Anyone wanna trade me their Lamborghini Diablo for a Toyota Corolla? They have equal value because you will save gas, insurance and maintenance money on the Corolla - every advantage Joe Thornton Lamborghini Diablo has over Alex Burrows Toyota Corolla has been priced in.

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Interesting post. I think you show what the NHL should be like if it was truly a free or near-free market. Unfortunately, this is not the case at all (just as in the real world).

First off, every team has a different financial situation, this is outside of the world of cap hits and more focused on actual player salary. Not every team can afford to spend to the max of the cap, therefore each team has its own self imposed cap based on cash available.

Second, every team has different goals. I would assume each team wants to win the cup, but there are some that are willing to go to greater lengths than others. Some teams are probably more concerned with profits than building a cup contender. Also, teams are all at different stages of development (rebuilding vs playoff push).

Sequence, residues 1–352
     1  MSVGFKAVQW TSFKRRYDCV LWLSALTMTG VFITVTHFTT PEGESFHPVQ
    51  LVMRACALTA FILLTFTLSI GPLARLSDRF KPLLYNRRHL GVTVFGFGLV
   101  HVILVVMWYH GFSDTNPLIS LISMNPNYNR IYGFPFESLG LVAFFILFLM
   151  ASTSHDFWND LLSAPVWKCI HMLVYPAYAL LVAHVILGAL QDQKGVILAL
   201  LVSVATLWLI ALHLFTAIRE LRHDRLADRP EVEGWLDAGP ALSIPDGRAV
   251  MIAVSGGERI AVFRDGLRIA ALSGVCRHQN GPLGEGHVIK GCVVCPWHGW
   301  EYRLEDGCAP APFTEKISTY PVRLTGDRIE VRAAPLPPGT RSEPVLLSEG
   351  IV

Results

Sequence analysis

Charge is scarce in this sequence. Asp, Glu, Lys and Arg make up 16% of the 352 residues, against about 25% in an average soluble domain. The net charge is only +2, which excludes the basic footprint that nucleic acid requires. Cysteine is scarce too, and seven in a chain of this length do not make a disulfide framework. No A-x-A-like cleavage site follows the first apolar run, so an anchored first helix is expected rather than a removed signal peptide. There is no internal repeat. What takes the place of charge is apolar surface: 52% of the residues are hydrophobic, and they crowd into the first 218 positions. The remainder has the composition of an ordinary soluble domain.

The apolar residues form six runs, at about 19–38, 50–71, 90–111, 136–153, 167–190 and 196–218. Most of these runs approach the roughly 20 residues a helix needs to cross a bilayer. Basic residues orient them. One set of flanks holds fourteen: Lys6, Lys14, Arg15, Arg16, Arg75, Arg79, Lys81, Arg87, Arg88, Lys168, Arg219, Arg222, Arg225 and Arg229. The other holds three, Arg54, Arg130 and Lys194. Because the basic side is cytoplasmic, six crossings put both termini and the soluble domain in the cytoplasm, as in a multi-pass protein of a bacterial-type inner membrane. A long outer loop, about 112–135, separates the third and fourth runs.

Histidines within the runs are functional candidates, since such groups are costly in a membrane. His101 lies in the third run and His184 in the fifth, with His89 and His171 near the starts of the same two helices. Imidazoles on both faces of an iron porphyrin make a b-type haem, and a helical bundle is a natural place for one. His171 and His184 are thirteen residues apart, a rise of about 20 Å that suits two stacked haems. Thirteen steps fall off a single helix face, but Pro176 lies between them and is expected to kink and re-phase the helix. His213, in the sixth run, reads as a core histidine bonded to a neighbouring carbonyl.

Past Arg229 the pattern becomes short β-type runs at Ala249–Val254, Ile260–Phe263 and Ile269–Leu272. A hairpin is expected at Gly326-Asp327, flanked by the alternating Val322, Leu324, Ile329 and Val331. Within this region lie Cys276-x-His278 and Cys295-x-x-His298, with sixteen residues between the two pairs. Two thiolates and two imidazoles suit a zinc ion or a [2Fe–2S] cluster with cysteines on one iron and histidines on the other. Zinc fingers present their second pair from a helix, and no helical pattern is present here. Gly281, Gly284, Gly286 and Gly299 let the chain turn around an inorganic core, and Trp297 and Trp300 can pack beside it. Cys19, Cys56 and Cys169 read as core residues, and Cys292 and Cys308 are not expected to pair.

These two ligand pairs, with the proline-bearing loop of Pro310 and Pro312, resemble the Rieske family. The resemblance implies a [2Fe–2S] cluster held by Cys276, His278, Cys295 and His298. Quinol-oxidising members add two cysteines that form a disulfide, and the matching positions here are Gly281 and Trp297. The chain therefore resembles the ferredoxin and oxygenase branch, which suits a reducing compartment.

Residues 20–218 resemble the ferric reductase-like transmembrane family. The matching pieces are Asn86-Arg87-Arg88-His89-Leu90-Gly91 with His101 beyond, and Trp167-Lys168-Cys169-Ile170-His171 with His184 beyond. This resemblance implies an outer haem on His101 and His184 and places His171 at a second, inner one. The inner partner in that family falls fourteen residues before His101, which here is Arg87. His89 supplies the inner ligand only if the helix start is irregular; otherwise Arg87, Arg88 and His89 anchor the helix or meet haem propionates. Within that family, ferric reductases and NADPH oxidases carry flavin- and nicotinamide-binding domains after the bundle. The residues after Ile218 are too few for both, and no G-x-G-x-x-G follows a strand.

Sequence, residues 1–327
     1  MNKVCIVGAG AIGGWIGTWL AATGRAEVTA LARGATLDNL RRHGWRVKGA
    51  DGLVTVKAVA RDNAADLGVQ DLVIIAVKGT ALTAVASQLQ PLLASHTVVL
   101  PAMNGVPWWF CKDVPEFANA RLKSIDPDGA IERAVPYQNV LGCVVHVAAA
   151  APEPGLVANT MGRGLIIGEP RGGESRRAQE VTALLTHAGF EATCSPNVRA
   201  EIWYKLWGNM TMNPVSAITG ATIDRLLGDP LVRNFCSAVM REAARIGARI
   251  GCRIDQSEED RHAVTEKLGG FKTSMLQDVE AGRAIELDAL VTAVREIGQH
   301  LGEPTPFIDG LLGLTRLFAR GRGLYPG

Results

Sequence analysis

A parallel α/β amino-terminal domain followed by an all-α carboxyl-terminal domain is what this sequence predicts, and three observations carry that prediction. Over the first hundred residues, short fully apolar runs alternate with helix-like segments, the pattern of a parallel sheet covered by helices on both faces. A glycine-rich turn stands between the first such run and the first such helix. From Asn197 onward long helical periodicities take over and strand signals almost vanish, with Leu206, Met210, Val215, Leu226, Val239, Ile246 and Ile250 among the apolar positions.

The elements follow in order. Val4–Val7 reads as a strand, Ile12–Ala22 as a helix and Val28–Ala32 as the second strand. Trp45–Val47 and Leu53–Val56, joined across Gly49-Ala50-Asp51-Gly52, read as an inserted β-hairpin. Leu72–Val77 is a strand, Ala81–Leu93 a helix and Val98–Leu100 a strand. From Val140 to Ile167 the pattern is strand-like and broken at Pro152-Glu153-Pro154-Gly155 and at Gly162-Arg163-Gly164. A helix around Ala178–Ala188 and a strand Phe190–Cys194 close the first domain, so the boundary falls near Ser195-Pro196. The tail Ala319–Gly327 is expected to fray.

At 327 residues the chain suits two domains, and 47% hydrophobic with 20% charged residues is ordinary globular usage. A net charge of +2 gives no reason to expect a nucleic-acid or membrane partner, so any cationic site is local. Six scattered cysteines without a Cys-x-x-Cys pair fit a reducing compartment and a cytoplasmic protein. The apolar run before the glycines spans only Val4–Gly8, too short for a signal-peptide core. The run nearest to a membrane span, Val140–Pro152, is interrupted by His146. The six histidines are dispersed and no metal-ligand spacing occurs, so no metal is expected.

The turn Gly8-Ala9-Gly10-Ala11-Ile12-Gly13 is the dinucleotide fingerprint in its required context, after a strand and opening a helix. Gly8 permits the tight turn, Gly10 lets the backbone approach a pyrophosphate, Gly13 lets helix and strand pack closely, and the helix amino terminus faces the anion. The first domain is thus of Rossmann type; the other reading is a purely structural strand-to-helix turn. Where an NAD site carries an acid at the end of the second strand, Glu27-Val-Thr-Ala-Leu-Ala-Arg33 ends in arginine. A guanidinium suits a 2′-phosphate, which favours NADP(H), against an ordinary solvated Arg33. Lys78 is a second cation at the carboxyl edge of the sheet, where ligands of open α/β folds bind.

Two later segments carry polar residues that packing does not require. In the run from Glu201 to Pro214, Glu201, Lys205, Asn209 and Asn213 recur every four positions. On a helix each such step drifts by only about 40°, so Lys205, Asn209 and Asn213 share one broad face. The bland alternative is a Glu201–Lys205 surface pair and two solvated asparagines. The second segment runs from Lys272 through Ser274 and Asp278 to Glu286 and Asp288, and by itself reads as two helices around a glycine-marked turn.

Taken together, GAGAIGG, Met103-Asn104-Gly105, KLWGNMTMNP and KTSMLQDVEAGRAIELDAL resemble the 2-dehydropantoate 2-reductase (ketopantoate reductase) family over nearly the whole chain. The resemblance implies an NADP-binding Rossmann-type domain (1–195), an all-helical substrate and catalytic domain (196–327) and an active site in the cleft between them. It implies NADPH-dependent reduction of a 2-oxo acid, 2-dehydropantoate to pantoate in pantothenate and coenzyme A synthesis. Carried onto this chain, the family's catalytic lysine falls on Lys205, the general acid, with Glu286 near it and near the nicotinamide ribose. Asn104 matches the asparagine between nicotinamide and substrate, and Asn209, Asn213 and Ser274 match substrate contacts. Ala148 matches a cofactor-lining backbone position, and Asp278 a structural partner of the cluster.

Third, many players are not signed for their fair value. There are a number of reasons: home town discounts, varying contract lengths, bonuses, entry level deals, teams taking risks, teams being extra cautious, etc. It is difficult to determine a players fair value as that value is different depending on if they are signed as a UFA in the offseason, signed to an extension, signed to an offer sheet (with compensation being considered), etc.

Fourth,there was the example of Burrows for $2M = Thornton for $8M since the team getting Burrows can sign a $6M player to make up the difference. The problem is that you don't get a $6M player to make up the difference, you get a 1/30 chance at getting a $6M player (any number of teams could snatch these players up), whereas in a trade you get the player you trade for wth 100% certainty.

You can see that each team is going to see a player's value differently, depending on their financial situation and the current state of the team. Not to mention there are too many players out there signed at values that are not a fair reflection of what they bring to a team.